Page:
The word chamber was borrowed around the beginning of the 1100s from the Old French word chambre, which comes from Latin camera, which had the same definition but also had a specific connotation of the rooms having vaulted ceilings. That's from Greek kamara, which described anything with an arched cover, and kamara in turn is reconstructed as deriving from the Proto-Indo-European root khem, meaning "bend" or "curve". If you noticed the word camera and wondered if there's any relation to photography, there actually is: our modern word is actually a clipping of the Latin phrase camera obscura, which meant "dark chamber", because the first cameras used a dark room and a pinhole. According to Google NGrams, usage of the word camera peaked in the early 2000s and is now in decline.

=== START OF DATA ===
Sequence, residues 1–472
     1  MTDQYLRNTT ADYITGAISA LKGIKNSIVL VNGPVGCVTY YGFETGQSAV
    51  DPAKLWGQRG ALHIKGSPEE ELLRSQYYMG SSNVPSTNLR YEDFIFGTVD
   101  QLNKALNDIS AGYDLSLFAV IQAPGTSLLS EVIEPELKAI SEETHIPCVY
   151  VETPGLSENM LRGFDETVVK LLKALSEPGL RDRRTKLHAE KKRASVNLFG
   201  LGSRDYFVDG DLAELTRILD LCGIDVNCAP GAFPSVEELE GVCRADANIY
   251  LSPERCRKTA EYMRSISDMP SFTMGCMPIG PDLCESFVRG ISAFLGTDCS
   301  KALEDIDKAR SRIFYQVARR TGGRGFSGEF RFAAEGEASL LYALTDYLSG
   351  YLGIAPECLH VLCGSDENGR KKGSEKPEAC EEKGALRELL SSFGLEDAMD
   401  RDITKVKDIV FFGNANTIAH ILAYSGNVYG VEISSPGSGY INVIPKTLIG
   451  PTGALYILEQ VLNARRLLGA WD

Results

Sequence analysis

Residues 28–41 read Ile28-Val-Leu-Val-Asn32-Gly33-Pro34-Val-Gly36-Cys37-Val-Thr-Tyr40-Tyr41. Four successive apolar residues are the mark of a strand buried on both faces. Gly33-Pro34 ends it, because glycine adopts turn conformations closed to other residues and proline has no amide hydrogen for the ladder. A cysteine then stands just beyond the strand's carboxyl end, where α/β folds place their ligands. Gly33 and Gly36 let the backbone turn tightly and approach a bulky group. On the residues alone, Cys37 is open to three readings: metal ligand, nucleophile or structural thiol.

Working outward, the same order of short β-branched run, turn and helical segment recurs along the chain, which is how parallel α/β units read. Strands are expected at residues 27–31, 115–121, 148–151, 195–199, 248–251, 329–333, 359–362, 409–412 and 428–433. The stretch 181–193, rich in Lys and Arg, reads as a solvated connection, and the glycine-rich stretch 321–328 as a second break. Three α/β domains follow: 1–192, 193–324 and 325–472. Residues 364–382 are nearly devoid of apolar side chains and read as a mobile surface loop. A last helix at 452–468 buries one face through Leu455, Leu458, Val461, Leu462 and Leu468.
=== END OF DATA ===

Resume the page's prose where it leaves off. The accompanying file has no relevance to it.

Adam Aleksic, a rising sophomore studying linguistics and government at Harvard University, has been described as the internet's sixth most famous etymologist. He also has disturbing interests in politics, vexillology, geography, board games, conlanging, and law.